Donald Boudreaux wrote an article honoring Julian Simon five years ago and it’s just as relevant today as it was then. In it he notes that Simon was persuaded that there are no natural resources, save one: the human mind.
Simon’s most important contribution was to crystallize and explain an insight that even the best economists before him only glimpsed — namely, that human beings in free societies are “the ultimate resource.” Nothing — not oil, not land, not gold, not microchips, nothing — is as valuable to the material well-being of people as is human creativity and effort.
In this day of iPhones and fracking, the internet and hybrid automobiles, I think people take an awful lot of it for granted. We have enjoyed the benefits of freedom without understanding really how it works. We just expect it to continue.
What about petroleum?
What makes it a “resource”? It’s certainly not a resource naturally. If it were, American Indians would long ago have put it to good use. But they didn’t. I suspect that for Pennsylvania’s native population in, say, the year 1300, the dark, thick, smelly stuff that bubbled up in watering holes was regarded as a nuisance.
Petroleum didn’t become a resource until human beings creatively figured out how to use it to satisfy some human desires and other human beings figured out how to extract it cost-effectively from the ground.
For at least 80 percent of Homo sapiens’ time on earth, land was merely something to tread and hunt upon. Land had no special value as a resource until about 10,000 years ago when someone figured out how to cultivate soil and to plant, tend and harvest crops. Only then did land achieve the kind of status and value that we associate with a resource.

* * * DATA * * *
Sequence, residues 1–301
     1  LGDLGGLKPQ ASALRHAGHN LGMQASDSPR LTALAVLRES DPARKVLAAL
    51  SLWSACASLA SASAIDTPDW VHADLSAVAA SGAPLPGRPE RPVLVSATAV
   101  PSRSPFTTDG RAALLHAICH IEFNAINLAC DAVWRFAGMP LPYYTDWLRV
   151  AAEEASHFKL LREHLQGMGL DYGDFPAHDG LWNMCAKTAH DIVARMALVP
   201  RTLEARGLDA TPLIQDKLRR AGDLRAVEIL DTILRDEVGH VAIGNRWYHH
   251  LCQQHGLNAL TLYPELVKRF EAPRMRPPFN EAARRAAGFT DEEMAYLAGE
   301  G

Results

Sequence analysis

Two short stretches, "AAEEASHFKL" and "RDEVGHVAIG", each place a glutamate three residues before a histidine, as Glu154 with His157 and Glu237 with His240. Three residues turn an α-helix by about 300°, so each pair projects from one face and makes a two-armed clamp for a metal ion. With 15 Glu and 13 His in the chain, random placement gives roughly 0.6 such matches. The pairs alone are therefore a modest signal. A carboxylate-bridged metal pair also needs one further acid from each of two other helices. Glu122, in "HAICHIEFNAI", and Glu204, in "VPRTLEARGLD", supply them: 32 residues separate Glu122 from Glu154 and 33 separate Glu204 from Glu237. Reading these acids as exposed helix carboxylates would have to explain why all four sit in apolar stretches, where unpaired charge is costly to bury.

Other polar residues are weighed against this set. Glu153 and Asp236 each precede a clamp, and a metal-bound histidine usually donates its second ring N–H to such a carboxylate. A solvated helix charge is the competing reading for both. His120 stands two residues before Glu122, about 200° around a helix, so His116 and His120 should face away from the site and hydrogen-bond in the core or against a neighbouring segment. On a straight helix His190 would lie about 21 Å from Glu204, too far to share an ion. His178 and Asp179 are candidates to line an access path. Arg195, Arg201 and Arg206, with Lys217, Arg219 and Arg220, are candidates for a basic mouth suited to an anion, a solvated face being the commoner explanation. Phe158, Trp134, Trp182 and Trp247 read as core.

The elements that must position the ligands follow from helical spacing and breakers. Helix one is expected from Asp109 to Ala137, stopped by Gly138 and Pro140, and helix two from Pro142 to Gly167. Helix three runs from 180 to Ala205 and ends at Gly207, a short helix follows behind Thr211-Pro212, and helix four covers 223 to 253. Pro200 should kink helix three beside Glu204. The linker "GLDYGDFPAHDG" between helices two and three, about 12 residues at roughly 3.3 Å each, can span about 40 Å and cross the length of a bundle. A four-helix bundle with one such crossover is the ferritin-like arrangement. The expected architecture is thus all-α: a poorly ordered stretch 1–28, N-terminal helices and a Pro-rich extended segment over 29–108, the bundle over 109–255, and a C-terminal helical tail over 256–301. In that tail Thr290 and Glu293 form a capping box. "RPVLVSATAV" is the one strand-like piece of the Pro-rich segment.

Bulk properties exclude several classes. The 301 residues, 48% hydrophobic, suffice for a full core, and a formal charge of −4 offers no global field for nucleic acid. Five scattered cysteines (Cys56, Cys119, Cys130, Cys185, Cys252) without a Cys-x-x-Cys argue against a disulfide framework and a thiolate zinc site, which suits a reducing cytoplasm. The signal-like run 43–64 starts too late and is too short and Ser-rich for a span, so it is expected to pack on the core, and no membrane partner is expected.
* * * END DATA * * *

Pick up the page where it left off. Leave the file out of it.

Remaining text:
Boudreaux said that Simon was ahead of his time, providing us with insights that we hadn’t enjoyed before, like freedom: “He found that growing human populations in free societies produce net increases in resource supplies. Whether coming in the form of immigration or through reductions in mortality, growing populations in free countries [are] hugely beneficial.”
What neither Boudreaux nor Simon answered in this short article is “why?” What happened, starting around 1800, that allowed the economy to begin to grow at 2 percent per year compounded, whereas before such growth was stagnant? Gary North has asked that question often. North is giving a presentation at Cato in April in his attempt to try to answer that question. I wish I could be there to hear it.
Whatever it is, whatever North comes up with, it will confirm Simon’s view: there are no natural resources except the human mind, unleashed.